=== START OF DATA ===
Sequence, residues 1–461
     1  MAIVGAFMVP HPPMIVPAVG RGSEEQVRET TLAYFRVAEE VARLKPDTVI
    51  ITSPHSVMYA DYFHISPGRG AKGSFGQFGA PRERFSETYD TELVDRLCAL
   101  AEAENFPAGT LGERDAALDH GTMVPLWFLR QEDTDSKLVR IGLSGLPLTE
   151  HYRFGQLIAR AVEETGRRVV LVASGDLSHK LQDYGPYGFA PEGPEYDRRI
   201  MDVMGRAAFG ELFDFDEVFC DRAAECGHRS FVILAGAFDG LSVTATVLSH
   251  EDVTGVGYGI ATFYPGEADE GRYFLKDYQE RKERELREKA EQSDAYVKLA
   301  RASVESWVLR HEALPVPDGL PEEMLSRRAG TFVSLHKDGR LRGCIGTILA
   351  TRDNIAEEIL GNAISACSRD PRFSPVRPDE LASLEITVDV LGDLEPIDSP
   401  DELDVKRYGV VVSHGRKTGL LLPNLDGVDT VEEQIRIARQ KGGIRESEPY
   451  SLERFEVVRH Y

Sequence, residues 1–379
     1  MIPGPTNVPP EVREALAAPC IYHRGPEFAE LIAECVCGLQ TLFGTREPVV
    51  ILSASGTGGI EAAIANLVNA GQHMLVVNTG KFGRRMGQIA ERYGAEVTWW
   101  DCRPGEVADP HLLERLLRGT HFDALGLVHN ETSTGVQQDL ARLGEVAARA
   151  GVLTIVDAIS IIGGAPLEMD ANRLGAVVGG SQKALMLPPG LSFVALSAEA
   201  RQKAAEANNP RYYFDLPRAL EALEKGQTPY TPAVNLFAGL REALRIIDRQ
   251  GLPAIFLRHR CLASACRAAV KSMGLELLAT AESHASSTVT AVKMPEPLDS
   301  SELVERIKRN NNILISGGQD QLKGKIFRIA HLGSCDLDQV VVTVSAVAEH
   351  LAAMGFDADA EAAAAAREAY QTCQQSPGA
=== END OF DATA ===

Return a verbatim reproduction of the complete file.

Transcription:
Sequence, residues 1–461
     1  MAIVGAFMVP HPPMIVPAVG RGSEEQVRET TLAYFRVAEE VARLKPDTVI
    51  ITSPHSVMYA DYFHISPGRG AKGSFGQFGA PRERFSETYD TELVDRLCAL
   101  AEAENFPAGT LGERDAALDH GTMVPLWFLR QEDTDSKLVR IGLSGLPLTE
   151  HYRFGQLIAR AVEETGRRVV LVASGDLSHK LQDYGPYGFA PEGPEYDRRI
   201  MDVMGRAAFG ELFDFDEVFC DRAAECGHRS FVILAGAFDG LSVTATVLSH
   251  EDVTGVGYGI ATFYPGEADE GRYFLKDYQE RKERELREKA EQSDAYVKLA
   301  RASVESWVLR HEALPVPDGL PEEMLSRRAG TFVSLHKDGR LRGCIGTILA
   351  TRDNIAEEIL GNAISACSRD PRFSPVRPDE LASLEITVDV LGDLEPIDSP
   401  DELDVKRYGV VVSHGRKTGL LLPNLDGVDT VEEQIRIARQ KGGIRESEPY
   451  SLERFEVVRH Y

Sequence, residues 1–379
     1  MIPGPTNVPP EVREALAAPC IYHRGPEFAE LIAECVCGLQ TLFGTREPVV
    51  ILSASGTGGI EAAIANLVNA GQHMLVVNTG KFGRRMGQIA ERYGAEVTWW
   101  DCRPGEVADP HLLERLLRGT HFDALGLVHN ETSTGVQQDL ARLGEVAARA
   151  GVLTIVDAIS IIGGAPLEMD ANRLGAVVGG SQKALMLPPG LSFVALSAEA
   201  RQKAAEANNP RYYFDLPRAL EALEKGQTPY TPAVNLFAGL REALRIIDRQ
   251  GLPAIFLRHR CLASACRAAV KSMGLELLAT AESHASSTVT AVKMPEPLDS
   301  SELVERIKRN NNILISGGQD QLKGKIFRIA HLGSCDLDQV VVTVSAVAEH
   351  LAAMGFDADA EAAAAAREAY QTCQQSPGA